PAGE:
Returns "1" if any	of the arguments is true, otherwise "0".


	     Returns the sum of	the arguments.

	 @sub(x, ...)

	     Returns the second	and subsequent arguments subtracted from the


	     Returns the product of the	arguments.

	 @div(x, y)

	     Returns the first argument	divided	by the second.

	 @mod(x, y)

	     Returns the first argument	modulo the second.

	 @lt(x,	y)

	     Returns "1" if the	first argument is less than the	second,	other-
	     wise "0".

	 @le(x,	y)

	     Returns "1" if the	first argument is less than or equal to	the
	     second, otherwise "0".

	 @gt(x,	y)

	     Returns "1" if the	first argument is greater than the second,
	     otherwise "0".

	 @ge(x,	y)

	     Returns "1" if the	first argument is greater than or equal	to the
	     second, otherwise "0".

     String functions


	     Returns the concatenation of all of the arguments.


	     Returns "@".


	     Returns the argument formatted using the caller-supplied error


	     Encodes the argument with HTML escapes and	returns	the result.


	     Encodes the argument with URL escapes and returns the result.

     I/O functions


	     Flushes the output	stream.


	     Outputs the argument directly to the output stream. That is, if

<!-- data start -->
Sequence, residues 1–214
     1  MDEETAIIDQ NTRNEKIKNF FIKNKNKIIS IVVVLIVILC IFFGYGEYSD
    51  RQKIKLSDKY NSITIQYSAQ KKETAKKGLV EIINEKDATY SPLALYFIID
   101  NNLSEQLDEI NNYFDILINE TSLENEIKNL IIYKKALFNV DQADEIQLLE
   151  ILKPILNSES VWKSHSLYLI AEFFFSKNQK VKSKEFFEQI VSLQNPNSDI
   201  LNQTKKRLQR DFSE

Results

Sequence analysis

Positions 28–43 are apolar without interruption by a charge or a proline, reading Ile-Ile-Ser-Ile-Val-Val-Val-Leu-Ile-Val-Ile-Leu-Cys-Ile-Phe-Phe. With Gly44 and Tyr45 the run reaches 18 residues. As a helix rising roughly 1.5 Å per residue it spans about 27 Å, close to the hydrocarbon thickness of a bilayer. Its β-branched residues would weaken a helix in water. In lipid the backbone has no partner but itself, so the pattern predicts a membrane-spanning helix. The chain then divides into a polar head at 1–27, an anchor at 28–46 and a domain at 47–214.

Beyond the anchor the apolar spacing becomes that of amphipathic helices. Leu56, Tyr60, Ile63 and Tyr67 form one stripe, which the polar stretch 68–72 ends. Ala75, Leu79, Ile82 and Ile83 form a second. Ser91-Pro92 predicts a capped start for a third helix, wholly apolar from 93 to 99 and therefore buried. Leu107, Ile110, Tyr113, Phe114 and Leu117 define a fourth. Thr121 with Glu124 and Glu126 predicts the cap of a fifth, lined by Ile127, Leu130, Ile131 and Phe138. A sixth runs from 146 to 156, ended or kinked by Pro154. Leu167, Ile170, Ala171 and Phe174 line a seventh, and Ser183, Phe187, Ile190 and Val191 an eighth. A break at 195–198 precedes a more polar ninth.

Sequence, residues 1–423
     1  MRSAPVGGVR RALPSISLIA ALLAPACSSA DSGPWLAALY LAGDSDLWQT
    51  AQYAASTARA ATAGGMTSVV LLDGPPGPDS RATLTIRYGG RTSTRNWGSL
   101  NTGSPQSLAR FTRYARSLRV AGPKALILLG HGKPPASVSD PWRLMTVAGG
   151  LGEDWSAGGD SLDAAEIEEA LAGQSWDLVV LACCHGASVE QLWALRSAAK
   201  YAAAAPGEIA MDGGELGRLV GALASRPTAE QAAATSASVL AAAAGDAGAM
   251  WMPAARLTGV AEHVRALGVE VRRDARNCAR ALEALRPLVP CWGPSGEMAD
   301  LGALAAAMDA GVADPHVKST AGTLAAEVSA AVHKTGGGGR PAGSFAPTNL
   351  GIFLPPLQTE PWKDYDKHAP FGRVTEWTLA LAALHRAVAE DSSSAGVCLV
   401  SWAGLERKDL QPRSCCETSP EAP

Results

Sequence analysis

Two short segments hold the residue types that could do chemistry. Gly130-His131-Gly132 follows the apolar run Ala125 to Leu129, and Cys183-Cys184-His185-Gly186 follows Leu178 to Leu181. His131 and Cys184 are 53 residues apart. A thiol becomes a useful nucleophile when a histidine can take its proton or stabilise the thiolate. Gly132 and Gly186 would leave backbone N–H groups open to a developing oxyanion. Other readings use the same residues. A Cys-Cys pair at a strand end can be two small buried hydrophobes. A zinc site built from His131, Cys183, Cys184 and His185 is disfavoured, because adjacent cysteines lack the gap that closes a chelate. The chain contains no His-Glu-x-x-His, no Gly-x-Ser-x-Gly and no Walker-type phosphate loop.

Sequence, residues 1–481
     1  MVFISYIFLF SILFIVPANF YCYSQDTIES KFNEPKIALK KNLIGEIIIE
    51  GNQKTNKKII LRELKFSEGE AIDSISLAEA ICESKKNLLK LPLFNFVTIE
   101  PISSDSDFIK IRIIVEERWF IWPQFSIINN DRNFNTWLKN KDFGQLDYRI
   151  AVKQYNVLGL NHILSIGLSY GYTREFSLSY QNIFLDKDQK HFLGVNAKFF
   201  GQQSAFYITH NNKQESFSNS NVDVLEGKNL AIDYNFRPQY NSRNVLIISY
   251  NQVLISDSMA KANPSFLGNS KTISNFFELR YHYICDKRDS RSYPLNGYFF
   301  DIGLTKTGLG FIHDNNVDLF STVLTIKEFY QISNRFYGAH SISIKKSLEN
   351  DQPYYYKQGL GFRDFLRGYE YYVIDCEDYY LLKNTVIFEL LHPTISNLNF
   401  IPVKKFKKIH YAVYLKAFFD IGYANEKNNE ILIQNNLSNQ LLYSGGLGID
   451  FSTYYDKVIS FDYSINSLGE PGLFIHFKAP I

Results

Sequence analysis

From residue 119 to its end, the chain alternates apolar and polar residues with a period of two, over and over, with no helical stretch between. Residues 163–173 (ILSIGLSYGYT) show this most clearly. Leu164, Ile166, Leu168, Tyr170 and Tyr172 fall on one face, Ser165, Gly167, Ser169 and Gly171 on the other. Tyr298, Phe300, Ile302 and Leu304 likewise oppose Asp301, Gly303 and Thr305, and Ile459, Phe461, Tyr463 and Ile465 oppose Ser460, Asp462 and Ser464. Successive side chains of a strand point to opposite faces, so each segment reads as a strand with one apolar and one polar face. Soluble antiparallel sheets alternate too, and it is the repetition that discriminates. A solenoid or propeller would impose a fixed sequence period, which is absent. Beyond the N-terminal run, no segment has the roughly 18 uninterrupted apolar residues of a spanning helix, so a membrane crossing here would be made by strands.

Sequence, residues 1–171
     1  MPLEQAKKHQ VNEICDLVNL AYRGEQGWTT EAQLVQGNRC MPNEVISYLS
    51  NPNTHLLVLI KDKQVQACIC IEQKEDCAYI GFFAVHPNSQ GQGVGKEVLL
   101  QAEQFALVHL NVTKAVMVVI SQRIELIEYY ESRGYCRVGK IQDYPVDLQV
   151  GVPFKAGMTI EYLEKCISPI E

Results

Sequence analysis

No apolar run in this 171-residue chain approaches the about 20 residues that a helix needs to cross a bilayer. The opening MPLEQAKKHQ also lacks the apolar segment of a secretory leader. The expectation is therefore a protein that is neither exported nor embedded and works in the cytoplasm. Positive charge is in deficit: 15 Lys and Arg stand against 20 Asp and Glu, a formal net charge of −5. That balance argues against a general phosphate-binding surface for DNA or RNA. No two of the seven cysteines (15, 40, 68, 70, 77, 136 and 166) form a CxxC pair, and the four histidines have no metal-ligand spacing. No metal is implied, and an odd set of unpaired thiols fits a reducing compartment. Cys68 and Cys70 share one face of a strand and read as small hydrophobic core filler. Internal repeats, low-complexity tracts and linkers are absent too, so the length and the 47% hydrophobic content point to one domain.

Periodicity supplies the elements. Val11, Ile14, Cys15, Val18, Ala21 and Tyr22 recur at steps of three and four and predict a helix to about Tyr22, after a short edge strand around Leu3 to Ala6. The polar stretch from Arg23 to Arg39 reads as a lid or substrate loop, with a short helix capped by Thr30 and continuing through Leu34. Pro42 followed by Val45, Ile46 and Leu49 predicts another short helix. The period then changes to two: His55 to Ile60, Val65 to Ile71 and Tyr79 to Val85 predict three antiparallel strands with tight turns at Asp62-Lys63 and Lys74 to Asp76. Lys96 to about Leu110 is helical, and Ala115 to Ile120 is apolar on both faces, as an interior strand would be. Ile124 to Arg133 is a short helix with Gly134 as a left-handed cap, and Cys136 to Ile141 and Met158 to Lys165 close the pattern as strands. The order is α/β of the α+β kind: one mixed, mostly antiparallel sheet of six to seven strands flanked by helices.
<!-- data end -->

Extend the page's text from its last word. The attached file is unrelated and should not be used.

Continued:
this function is invoked from within a user-defined function, the
	     argument goes directly to the template output rather than being
	     concatenated to the return	value of the function.

     tmpl_create() parses input	from input and creates and returns a new tem-
     plate object, which uses typed_mem(3) type	mtype.	If num_errors is not
     NULL, then	the number of parse errors detected is stored in *num_errors.
     A parse error is an occurrence of the "@" character that is not the be-
     ginning of	a well-formed tmpl function invocation.

     tmpl_create_mmap()	parses the contents of the file	named path, using
     mmap(2) internally	to avoid having	to store the entire file in memory.
     This results in less memory being used; however, if the file's contents
     are changed then subsequent invocations of	tmpl_execute() may give	gar-
     bled output.

     tmpl_destroy() destroys a template	object.	 Upon return, *tmplp will be
     set to NULL.  If *tmplp is	already	NULL when tmpl_destroy() is invoked,
     nothing happens.

     tmpl_ctx_create() creates a new template execution	context.  mtype	is the
     typed_mem(3) type used not	only for the execution context object itself,
     but also for all strings generated	during execution.  In particular, all